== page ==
Unfortunately, the answer is "not really." Reading the abstracts of each of the survey respondents revealed that a majority of them, 62%, are projects aimed at developing new software and tools that other scientists can use in the cloud. In a sense, these tools are being developed with no specific scientific issue at the end of the tunnel; they are being developed before a demand exists. While one could argue that "if you build it, they will come," such has not proven to be the case in either the compute capacity or capability made available by cloud computing. Only 25% of surveyed users actually claim to be pursuing problems related to a domain science. The remainder were either using the cloud for teaching purposes or to host data or web services.
This was rather shocking to me, as it seems rather self-serving by developing technologies that "might be useful" for someone later on. What's more is that the biggest provider of cloud services to the researchers surveyed was Microsoft's Azure platform (30% of users). This struck me as odd since Amazon is the most well-known Cloud provider out there; as it turns out, the majority of these projects based on Microsoft Azure were funded, in part or in whole, by Microsoft. 22% of projects were principally using Amazon Web Services, and again, Amazon provided funding for the research performed.
OutlookThis all paints a picture where HPC in the cloud is almost entirely self-driven. Cloud providers are paying researchers to develop infrastructure and tools for a demand that doesn't exist. They are giving away compute time, and even then, the published scientific output from the cloud is so scarce that, after several days of scouring journals, I have found virtually no published science that acknowledges compute time on a cloud platform. There are a huge amount of frameworks and hypothesized use cases, but the only case studies I could find in a domain science are rooted in private companies developing and marketing a product using cloud-based infrastructure.
Ultimately, HPC in the cloud is just not here. There's a lot of talk, a lot of tools, and a lot of development, but there just isn't a lot of science coming out. Cloud computing is ultimately a business model, and it is extremely attractive as a business model to a business. However, it is not a magical new paradigm-shifting, disruptive, or whatever else technology for science, and serious studies commissioned to objectively consider cloud-HPC have consistently come back with overall negative outlooks.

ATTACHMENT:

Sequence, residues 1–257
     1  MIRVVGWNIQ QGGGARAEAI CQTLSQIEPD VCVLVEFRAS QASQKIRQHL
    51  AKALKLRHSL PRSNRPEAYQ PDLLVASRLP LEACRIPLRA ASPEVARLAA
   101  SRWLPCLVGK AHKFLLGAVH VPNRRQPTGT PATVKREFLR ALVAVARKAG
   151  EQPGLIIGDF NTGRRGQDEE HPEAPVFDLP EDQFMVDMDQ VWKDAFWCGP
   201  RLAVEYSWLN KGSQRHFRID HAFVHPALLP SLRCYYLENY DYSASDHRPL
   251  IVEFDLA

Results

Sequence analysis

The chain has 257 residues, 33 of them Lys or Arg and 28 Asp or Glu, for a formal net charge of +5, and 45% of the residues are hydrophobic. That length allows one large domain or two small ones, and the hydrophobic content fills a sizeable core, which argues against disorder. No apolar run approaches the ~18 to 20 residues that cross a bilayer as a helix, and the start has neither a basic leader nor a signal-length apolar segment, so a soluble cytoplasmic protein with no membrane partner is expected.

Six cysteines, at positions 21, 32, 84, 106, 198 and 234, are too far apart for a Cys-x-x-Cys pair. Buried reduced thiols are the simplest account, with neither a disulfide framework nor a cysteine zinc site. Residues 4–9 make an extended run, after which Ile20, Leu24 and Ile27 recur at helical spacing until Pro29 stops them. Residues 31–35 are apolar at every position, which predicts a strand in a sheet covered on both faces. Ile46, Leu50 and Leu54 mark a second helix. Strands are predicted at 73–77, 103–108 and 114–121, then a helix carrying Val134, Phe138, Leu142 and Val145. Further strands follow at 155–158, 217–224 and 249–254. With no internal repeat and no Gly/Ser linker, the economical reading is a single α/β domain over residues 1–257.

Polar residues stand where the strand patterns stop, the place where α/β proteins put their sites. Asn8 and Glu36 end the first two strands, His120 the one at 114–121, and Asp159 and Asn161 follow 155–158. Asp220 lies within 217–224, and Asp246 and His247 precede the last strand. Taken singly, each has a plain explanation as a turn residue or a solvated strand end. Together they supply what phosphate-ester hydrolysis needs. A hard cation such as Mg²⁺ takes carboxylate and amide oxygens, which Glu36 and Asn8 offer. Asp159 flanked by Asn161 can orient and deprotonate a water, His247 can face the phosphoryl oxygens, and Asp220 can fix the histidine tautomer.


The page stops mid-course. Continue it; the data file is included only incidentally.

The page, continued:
The technology is rapidly changing, and I firmly believe that the performance gap is slowly closing. I've been involved with the performance testing of some pretty advanced technologies aimed at exactly this, and the real-world application performance (which I would like to write up and share online sometime) looks really promising. The idea of being able to deploy a "virtual appliance" for turn-key HPC in a virtualized environment is very appealing. Remember, though, that everything that is virtual is not necessarily cloud.
The benefits of the cloud over a dedicated supercomputing platform which supports VMs do not add up. Yes, cloud can be cheap, but supercomputing is free. Between the U.S. Department of Energy and the National Science Foundation, there already exists an open high-performance computing ecosystem and cyberinfrastructure with capability, capacity, and ease of use that outstrips Amazon and Azure. The collaborations, scientific expertise, and technological knowhow are already all in one place. User support is free and unlimited, whereas cloud platforms provide none of that.
Turning to the cloud for HPC just doesn't make a lot of sense, and the facts and demonstrated use cases back that up. If I haven't beaten the dead horse by this point, I've got another set of notes I've prepared from another in-depth assessment of HPC in the cloud. If the above survey (which is admittedly limited in scope) doesn't prove my point, I'd be happy to provide more.
Now let's wait until July 1 to see if the National Science Foundation's interpretation of the survey is anywhere close to mine.